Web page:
What is it about?

"Reading Images: The Grammar of Visual Design" is one of the pioneering books in visual studies. Kress and Van Leeuwen adapt Hallidayan Systemic Functional Linguistics to present and adapt concepts that can be used as tools to analyse visuals. Pertinent concepts include "offer" pictures & photographs (depicted persons do not look into the "camera") versus "demand" pictures & photographs (they look into the "camera"); the significance of lower versus upper regions of pictures as well as that of central versus peripheral regions and left-right orientations; realistic versus abstract styles of depiction; "vectors" (= imagined "lines" that connect depicted persons with each other or with objects by their direction of looking or their actions). This review article offers a summary of the book, and discusses both what I think is good in it and what I think is bad in it.

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Why is it important?

The book, whose revised edition was published in 2006, is marketed as a textbook usable at BA level, which suggests that the views expressed present a generally shared "state-of-the-art" in visual studies. Particularly young students may therefore believe the book's ideas to be tried and tested, and thus self-evident, and consequently adopt them uncritically as the basis for their own analyses. Unfortunately the book contains a number of ideas that are deeply problematic. By and large I consider the concepts presented as potentially useful; however, they are too indiscriminately applied, and any "pattern" presented is based on far too few examples to be convincing. Other issues: (1) the authors show little awareness of the degree to which the genre of an image steers potential interpretations; (2) the authors overextend the analogy between language and visuals, which leads to strained and implausible conclusions. Put differently: visuals have a structure, but no "grammar"; (3) the authors underestimate the degree to which interpretations are triggered -- not by visual information alone but by visual information accompanied by written text. That is, they analyse information that is not of a purely visual, but of a multimodal nature; (4) The authors are overly eager to show how their concepts can expose ideological assumptions underlying the visuals they analyse. This bias often conflicts with, and thus comes at the price of sacrificing, methodological precision.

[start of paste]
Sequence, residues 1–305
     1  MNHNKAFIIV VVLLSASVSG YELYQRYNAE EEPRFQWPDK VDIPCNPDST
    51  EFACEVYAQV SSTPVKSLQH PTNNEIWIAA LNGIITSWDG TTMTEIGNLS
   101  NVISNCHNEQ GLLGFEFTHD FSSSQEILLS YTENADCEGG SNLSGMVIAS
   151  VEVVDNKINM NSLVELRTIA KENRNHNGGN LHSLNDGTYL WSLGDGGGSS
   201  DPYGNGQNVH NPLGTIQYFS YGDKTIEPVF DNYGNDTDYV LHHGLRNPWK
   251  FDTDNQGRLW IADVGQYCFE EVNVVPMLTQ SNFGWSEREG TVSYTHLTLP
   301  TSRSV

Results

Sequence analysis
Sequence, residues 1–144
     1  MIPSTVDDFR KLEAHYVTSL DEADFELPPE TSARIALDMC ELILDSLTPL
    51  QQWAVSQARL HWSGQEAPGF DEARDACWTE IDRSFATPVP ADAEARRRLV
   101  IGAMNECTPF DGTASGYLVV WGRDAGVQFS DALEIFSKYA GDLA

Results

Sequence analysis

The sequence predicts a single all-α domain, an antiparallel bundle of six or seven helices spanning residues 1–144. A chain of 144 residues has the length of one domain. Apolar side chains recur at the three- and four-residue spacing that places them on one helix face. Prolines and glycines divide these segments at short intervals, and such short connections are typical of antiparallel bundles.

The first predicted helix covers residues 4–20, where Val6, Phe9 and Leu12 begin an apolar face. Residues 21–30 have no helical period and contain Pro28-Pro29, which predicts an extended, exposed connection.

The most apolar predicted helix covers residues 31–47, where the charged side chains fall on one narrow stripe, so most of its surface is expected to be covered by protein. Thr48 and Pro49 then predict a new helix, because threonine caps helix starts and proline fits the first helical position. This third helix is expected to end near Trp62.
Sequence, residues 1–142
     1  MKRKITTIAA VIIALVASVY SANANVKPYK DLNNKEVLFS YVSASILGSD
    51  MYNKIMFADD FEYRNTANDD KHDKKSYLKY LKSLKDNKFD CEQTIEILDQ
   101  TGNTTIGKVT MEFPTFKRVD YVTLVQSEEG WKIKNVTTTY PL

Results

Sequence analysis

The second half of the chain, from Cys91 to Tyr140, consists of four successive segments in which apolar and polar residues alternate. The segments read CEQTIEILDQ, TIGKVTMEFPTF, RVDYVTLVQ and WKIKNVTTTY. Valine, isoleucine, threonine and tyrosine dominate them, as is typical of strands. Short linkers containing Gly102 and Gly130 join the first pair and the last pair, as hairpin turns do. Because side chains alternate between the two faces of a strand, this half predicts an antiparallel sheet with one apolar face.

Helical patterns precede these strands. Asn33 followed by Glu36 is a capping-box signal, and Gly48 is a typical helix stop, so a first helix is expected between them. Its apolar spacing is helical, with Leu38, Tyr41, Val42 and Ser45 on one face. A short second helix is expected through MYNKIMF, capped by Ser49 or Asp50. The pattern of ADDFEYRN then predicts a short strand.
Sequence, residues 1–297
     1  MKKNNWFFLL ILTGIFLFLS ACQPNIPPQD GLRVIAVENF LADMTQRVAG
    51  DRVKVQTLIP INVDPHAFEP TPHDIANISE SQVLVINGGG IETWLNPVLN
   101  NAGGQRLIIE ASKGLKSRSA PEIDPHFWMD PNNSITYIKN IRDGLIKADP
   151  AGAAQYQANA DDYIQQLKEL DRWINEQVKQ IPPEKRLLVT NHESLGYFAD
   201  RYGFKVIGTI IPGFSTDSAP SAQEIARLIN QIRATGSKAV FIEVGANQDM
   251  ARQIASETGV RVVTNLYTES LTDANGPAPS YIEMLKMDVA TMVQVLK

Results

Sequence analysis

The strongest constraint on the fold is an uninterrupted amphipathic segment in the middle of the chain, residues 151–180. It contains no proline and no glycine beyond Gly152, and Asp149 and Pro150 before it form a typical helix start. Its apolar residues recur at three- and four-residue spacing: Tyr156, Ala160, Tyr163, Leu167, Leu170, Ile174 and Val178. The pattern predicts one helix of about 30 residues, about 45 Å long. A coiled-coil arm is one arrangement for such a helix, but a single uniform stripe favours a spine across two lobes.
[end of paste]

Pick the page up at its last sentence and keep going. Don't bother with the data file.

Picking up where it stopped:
My own candidate for a theory rooted in language that can accommodate visual and multimodal communication is Sperber and Wilson's relevance theory. I have sketched the contours of this proposal in Forceville (1996, 2005, 2014; Forceville and Clark 2014). A synthesis of these ideas was presented in my monograph Visual and Multimodal Communication: Applying the Relevance Principle (Oxford UP 2020).

Dr Charles Forceville
Universiteit van Amsterdam

Read the Original

This page is a summary of: Educating the eye? Kress and Van Leeuwen’s Reading Images: The Grammar of Visual Design (1996), Language and Literature International Journal of Stylistics, June 1999, SAGE Publications,
DOI: 10.1177/096394709900800204.
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